Vitamins are complex organic compounds, whose presence in trace amount in the food is essential for growth and other physiological activities. Vitamins do not have any energy value. However they are essential for controlling energy yielding processes. The identified vitamins are classified asA,B,C,D,E and K. Of these, vitamin B and C are water soluble in nature. Vegetables and fruits containing these vitamins if washed in water as cut pieces would loose them easily. Vitamin A,D,E and K, if consumed beyond required level may cause defects, commonly referred to as vitaminosis.
Of the various vitamins, vitamin D or calciferol on exposure to sunlight can be synthesised by our body through the lipid compound called ergosterol, found below our skin. Hence it is known as 'sunshine vitamin'.
The most important functions of vitamins include.
1. Physiological processes : Vitamin A plays a very important role in visual perception. Vitamin E might ensure fertility in animals. The clotting of blood is aided by vitamin K. Vitamin C provides immunity against infections and it may also support processes of growth.
2. Maintenance of body tissues : The epithelial tissues of the body are maintained by vitamin A and B2. The growth of bones is ensured by vitamin D. Vitamin E plays a role in the rejuvenation of tissues. Nourishment to nerve cells is provided by vitamin B1. The process of maturation of erythrocytes is due to vitamin B12.
3. Metabolic processes : The process of calcium and phosphorus metabolism happens due to the presence of vitamin D. Vitamin E remains an antioxidant. Vitamin B1 remains as a co-enzyme in tissue metabolism and it is found useful in the process of oxidation of glucose in CNS. Vitamin B2 is essential for carbohydrate metabolism. Niacin (vitamin B) plays a role as a co-enzyme and is essential for oxidation-reduction reactions. Normal metabolism of amino acids and fat are due to vitamin B6. Biotin (vitamin B) serves as a co-enzyme and co-factor in oxidative metabolism. Vitamin C activates certain intra-cellular enzymes.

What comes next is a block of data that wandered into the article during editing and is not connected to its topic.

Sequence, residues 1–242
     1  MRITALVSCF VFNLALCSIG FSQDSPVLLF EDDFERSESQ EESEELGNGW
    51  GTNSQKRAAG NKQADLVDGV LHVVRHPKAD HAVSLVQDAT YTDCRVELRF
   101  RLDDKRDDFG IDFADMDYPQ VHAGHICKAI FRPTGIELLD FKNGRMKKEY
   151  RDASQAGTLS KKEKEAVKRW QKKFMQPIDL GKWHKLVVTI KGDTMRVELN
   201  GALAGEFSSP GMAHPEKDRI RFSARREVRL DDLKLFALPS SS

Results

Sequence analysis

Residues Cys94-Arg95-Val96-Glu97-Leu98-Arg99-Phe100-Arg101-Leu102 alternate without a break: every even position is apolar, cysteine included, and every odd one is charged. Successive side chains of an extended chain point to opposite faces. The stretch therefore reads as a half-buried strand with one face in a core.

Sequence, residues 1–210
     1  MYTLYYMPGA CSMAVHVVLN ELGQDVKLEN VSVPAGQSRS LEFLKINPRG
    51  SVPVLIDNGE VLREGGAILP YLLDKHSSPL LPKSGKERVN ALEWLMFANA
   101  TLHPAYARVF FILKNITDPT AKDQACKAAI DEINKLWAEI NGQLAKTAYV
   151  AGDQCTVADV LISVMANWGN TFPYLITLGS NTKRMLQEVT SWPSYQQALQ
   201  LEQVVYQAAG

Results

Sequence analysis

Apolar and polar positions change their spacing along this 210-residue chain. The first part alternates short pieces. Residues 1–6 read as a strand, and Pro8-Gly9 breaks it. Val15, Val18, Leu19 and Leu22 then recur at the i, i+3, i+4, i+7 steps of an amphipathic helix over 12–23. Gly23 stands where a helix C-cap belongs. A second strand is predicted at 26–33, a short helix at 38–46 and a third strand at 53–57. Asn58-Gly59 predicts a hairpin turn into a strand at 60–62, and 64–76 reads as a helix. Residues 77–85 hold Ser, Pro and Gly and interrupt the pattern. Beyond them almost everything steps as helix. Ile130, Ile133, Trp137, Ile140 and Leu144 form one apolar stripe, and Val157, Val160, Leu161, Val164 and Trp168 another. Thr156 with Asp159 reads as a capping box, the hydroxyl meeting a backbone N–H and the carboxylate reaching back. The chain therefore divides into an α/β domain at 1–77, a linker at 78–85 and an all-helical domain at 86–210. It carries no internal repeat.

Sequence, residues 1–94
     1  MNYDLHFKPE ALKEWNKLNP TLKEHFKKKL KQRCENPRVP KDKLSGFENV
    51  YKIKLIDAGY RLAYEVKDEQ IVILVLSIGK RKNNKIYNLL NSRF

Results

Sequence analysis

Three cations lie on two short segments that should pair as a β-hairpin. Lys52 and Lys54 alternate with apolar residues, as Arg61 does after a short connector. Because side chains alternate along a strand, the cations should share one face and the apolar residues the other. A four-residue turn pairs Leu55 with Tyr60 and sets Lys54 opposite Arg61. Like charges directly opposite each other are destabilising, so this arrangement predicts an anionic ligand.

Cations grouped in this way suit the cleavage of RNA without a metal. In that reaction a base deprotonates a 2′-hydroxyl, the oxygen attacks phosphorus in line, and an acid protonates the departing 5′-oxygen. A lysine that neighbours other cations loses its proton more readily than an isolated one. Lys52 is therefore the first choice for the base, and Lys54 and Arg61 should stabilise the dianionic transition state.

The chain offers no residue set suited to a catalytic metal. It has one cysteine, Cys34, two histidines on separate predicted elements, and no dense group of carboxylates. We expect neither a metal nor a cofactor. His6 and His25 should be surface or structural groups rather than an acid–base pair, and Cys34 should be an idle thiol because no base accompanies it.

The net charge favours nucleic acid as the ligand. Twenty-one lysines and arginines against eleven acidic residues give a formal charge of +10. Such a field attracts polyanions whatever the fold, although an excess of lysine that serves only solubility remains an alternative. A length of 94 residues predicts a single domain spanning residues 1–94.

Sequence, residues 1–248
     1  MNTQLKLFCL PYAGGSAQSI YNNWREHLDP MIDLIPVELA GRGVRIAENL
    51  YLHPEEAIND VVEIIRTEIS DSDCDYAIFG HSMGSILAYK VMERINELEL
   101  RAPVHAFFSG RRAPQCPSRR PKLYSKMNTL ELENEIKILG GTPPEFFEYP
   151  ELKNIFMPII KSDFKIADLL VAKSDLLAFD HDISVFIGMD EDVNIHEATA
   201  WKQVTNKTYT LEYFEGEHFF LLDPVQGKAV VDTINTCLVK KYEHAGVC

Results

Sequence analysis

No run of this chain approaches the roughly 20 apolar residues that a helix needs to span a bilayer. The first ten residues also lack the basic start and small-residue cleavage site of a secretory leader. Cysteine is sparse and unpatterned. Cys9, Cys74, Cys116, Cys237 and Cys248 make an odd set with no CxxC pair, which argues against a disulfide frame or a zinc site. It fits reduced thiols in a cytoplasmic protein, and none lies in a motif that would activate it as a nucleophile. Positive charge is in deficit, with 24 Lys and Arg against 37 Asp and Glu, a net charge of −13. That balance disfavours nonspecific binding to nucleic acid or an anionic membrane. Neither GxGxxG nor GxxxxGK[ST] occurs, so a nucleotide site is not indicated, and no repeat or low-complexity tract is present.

1. Atrophy of lacrymal glands of the eye and reduction in tear secretion
2. Corneal epithilium becomes red and dry (xerosis). It may also become wrinkled and Keratinised (xeropthalmia). Appearance of Bitot's spot in the cornea might happen.
3. Cornea may get necrosed and get infected (keratomalacia).
4. May cause night blindness (nyctalopia).
Vitamin D :- Defective calcification of bone, deficiency of vitamin-D, causes rickets in growing children and osteomalacia in adults.
Vitamin E :- Rare in human, sterility in experimental animals.
Vitamin K :-
1. Lack of vitamin K leads to defect in blood coagulation.
2. In humans, vitamins K deficiency leads to haemorrhagic manifestations.
Gross deficiency of vitamins B1, leads to a condition known as beri beri. Beriberi affects nervous and cardiovascular systems.In children andinfants the onset is acute.
Vitamin B2 :
Loss of appetite and other gastro-intestinal symptoms, soreness and burning of lips, mouth and tongue. Fissures appear at edges of the mouth.
Vitamin Niacin :
Its deficiency leads to pellagra. The principal symptoms of pellagra include mental changes, (dementia) dermatitis and stomatitis. The tongue becomes smooth, red and painful.
Vitamin B6: (Pyridoxine)
In human pyridoxine deficiency causes dermatitis around eyes, nose and behind the ears. Fissures appear above the lips and angles of the mouth.
Vitamin B12 :- Its deficiency causes pernicious anaemia, typical sore tongue and several neurological problems related to the spinal cord.
Vitamin C :- Its deficiency in the body leads to scurvy, a diseses charaterised by bleeding gums, loosening and falling out of teeth and intra muscular haemorrages. In the absence of this vitamin the collagen and connective tissue proteins are not synthesised properly.
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